When is it Ok to Diagnose Yourself?

Good athletes have an attuned knowledge of their body. They know their weaknesses, their imbalances, and their strengths. They’re fascinated with the mechanics of the body, methods of training, and ways to improve performance. They’ve seen documentaries on the sport they’ve chosen, follow elite athletes on every social media channel, and regularly read related blogs.

With such a comprehensive knowledge of anatomy and movement, it only makes sense that when athletes injure themselves, they can assess the cause and rehabilitate themselves, right?

Of course not you think— that’s for professionals! But surely minor aches and pains are fine to treat yourself…

Well yes and no.

When IS it ok to try and treat yourself?

When the pain is not acute, sharp, or numbing

If you have stiffness in your hips and you want to give yoga, or specified hip stretches a shot before seeing a professional, that is completely reasonable. You put your body through regular and vigorous exercise, you’re going to be sore occasionally. The important part is knowing when the pain moves from discomfort to sharp, acute pain. That is when you need to seek out a professional.

When the same pain has been happening for longer than a week

Know when to throw in the towel. If you’ve been feeling discomfort for over a week and whatever you’re doing isn’t working, it’s time to get actual help. Chances are if things aren’t improving, you could be making whatever is going on worse.

If it interrupts your life and/or your sport

You need to see someone if you’re limping around the office every day, your joints hurt when you sit down, or if chasing after your children feels like a second workout. Pain and discomfort should not impede your ability to perform your sport or enjoy your everyday life.

Ok, but I know way more than most, why shouldn’t I try and diagnose myself?

You probably do have a better grasp of anatomy than the regular gym goer but unless you have an educational background in medical diagnostics, and years of experience, there is a very high chance that you could misdiagnose the issue. Above and beyond that, chiropractors, physiotherapists, and other rehabilitative professionals are able to send you for further tests like MRI’s and ultrasounds if they deem it necessary.

It’s better to definitively determine the issue sooner than later for 3 very important reasons:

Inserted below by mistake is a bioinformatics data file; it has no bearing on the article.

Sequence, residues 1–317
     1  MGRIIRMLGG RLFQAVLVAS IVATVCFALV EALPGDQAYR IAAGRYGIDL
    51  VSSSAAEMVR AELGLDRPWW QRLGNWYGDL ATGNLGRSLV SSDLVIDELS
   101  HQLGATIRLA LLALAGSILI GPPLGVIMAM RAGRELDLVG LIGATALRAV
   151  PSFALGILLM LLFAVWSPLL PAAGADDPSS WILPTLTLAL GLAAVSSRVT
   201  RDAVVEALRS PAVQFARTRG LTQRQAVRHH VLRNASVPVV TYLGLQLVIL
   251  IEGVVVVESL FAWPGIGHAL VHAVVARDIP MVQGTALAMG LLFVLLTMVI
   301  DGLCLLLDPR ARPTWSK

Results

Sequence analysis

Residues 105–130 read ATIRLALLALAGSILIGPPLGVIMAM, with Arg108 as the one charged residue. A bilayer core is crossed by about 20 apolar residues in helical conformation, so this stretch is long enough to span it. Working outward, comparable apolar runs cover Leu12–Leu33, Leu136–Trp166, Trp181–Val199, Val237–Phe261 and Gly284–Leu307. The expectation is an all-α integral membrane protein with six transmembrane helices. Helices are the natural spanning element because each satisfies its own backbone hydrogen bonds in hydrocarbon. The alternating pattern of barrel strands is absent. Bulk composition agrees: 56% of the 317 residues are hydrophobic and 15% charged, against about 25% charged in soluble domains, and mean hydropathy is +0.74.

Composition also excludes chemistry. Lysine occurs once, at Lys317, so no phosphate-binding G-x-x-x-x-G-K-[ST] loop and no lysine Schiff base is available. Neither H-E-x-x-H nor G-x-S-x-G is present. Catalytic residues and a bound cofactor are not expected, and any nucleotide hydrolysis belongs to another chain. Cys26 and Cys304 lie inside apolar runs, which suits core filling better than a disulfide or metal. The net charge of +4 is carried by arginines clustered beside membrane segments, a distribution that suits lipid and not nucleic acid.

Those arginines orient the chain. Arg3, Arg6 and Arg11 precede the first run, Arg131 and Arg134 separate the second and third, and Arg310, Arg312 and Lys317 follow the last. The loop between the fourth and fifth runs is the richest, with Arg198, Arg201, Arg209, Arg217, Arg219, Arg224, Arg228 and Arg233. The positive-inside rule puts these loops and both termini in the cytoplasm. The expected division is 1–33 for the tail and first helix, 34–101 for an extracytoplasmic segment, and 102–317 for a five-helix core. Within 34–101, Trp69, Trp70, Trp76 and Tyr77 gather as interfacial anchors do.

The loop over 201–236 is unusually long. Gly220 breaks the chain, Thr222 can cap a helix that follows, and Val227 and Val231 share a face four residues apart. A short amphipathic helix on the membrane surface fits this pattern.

Improper diagnosis can lead to further injury

Shoulder pain is very common and also difficult to pinpoint the exact cause. What might feel like the common rotator cuff tear, can range from something as simple as impingement syndrome to an AC joint sprain.

Referral pain is common and very difficult for non-professionals to diagnose

A powerlifter once came to Dr.Leong with continual wrist pain they couldn’t identify the source of. They tried long stints of rest, wrist braces, wraps, and other wrist rehabilitation exercises but nothing worked. After a proper movement assessment, Dr.Leong informed the patient that a majority of the pain was stemming from unengaged scapulas which were putting undue strain on the wrists in any type of arm loading movement, especially while bench pressing. The patient has had improved wrist pain and mobility since learning to properly activate those muscles.

This type of referral pain is not uncommon in any sport. The body is entirely connected and strain or disengagement in one area can lead to pain in another. A professional will be far more likely to be able to diagnose this than even the most in tune athlete.

Even if your assessment is correct, you aren’t qualified to provide rehabilitation

Injury rehabilitation goes above and beyond assigning appropriate exercises. It’s also ensuring the body moves the way it is supposed in order to create correct movement patterning, assessing how the injury is healing, and watching for other imbalances. Rehabilitation is a careful balancing act of correcting old movement patterns, caring for mending tissue and building a stronger foundation to go forward with. Years of experience and specified training make this process effective, it shouldn’t be stumbled into or there’s risk of doing further damage.

It is important to listen to your body. A good athlete will often have an idea of what might be going on but this shouldn’t detract from seeking out appropriate help. There is no reason to make a bad situation worse by trying to DIY injury rehab. If you have any questions on any issues you might be facing, our Dynamic team offers consults and is here to help. Feel free to contact us here or to book an appointment.